That was quite a pickle. I battled with "do I or don't I". Seemed like a million people said I was doing them a disservice if I didn't, while my parents told me it was ridiculous to share it with them. Growing up in my family, you just didn't talk about stuff. For example, my mom had 6 breast lumps removed over the course of as many years. I think I knew about 1 of them before the actual surgery. You don't tell your kids about things that will worry them...that's what I grew up on. But then I received that month's installment of the NMSS magazine that talked all about how you should tell your kids about ms and what to say! Ok, that's my cue!
I think my daughter was about 9 when I sat her down at the kitchen table to explain my condition. I chose her because she was oldest and, in my opinion, better able to understand without being afraid. My son was 8 and I didn't give him enough credit, plain and simple. So I sat down across from her and proceeded to give my best performance...explaining the condition in an age appropriate manner, just like the magazine said. Checking to see if she had any questions, which she did not. It was so difficult to discuss something like ms as I looked into those big, beautiful eyes. All I could think of was how I idolized my parents growing up. No one was stronger and more perfect than Mom and Dad to me. I didn't need no stinkin' stuffed animals or security blankets...I had them! So like, surely my daughter couldn't think of me as a security blanket personified if I had some weird illness! I was thankful to finish the conversation and get to bed. All the worry of what to say and how it would go was a one-night cure for my insomnia. The talk went off without a hitch, ended well, and I was still in the running for Mother of The Year, 'cause I did what I was supposed to do according to that article.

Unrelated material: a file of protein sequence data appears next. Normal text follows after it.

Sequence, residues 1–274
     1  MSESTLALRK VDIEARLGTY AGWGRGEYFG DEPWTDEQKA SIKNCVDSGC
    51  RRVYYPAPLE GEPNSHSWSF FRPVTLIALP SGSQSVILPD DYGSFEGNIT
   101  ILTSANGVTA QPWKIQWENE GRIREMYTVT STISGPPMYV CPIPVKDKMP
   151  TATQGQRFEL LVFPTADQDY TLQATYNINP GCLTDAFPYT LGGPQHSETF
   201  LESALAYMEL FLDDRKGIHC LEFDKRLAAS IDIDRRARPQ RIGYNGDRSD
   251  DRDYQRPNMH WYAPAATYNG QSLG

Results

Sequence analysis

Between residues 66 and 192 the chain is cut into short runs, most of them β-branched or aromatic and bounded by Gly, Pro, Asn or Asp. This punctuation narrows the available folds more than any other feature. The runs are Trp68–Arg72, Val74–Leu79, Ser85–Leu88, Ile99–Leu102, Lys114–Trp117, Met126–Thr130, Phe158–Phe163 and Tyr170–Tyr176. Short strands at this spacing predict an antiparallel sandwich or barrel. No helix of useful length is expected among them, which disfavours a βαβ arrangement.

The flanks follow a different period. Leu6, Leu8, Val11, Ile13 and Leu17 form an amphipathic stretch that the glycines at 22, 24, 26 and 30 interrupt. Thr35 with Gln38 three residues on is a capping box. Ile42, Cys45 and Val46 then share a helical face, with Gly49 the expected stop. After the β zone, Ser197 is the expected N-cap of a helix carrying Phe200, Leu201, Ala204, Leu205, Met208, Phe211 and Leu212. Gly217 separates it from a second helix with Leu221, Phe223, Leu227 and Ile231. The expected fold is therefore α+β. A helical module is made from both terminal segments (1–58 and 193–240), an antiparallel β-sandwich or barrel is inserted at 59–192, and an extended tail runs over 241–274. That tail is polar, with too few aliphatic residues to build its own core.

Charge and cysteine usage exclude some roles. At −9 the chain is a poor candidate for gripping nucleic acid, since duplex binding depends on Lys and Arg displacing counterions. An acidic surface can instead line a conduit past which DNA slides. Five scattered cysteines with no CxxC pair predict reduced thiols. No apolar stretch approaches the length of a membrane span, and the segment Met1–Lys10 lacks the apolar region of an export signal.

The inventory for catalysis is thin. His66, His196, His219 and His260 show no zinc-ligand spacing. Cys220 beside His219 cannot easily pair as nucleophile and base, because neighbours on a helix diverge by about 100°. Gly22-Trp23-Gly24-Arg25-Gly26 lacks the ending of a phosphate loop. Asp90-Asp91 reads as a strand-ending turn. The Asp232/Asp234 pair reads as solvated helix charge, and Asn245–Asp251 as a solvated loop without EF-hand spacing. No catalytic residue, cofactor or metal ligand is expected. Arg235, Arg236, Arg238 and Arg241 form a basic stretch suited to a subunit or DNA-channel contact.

The next day, we went grocery shopping. At the end of our always endless conveyor belt of items, the cashier asked if I wanted to donate $1 to the ms walk. Oh perfect, I thought! We JUST talked about this and now she'll see that ms is something lots of people have and that there are even walks for it! I proudly donated the $1 and completed my paper shoe for the wall! As we walked to the car, I mentioned to my daughter that it was pretty cool how that store was raising money for ms...right? She looked up at me with those big, beautiful eyes and said, "what's ms?" Me all shocked, gently reminded her of what we talked about the previous night? Ya know, the thing that makes Mommy really sleepy? Her all, "yeah, you get sleepy because you're tired." HA!!! Yes, sweetie...that's exactly it. Clearly, I was premature in disclosing it to her. Mom and Dad, yet again, proved to be right. Always...right.
My son, on the other hand...the one I thought wouldn't get it? He always got it, I just never realized. From the time he was old enough to open a door, he'd open it for himself and for me. He's got a knack for sensing when I'm not feeling well each and every time. It's uncanny, almost as if he has a subscription to Miss Cleo or something. At the ripe old age of 10, he will hurry to my car door to open it. When I pull in after work, he runs out to carry my things in. I've never officially told him, but I don't need to. We've been through lots of scary stuff together, my son and I. He's been in ICU, a trauma unit (twice), and 2 nationally recognized children's hospitals on more occasions than I can count. Throughout those scary visits, he was always locked onto my eyes in a sort of, "I know you're there...and I'm alright" manner. I find myself looking at him that way once in awhile. Guess this is just how we roll.
God always gives us just what we need. And sometimes, that need is fulfilled by a little boy who takes his mom by the hand and walks her to the front door after a long day's work, carrying her briefcase in his other hand.
(2 Corinthians 9:8 NIV) And God is able to make all grace abound to you, so that in all things at all times, having all that you need, you will abound in every good work.